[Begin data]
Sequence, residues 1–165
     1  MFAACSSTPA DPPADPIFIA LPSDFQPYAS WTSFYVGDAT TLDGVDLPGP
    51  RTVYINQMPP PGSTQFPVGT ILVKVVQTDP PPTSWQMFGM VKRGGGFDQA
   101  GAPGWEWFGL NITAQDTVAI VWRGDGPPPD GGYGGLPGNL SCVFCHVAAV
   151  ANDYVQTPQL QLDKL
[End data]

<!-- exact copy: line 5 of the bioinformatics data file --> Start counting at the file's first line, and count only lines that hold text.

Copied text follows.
   151  ANDYVQTPQL QLDKL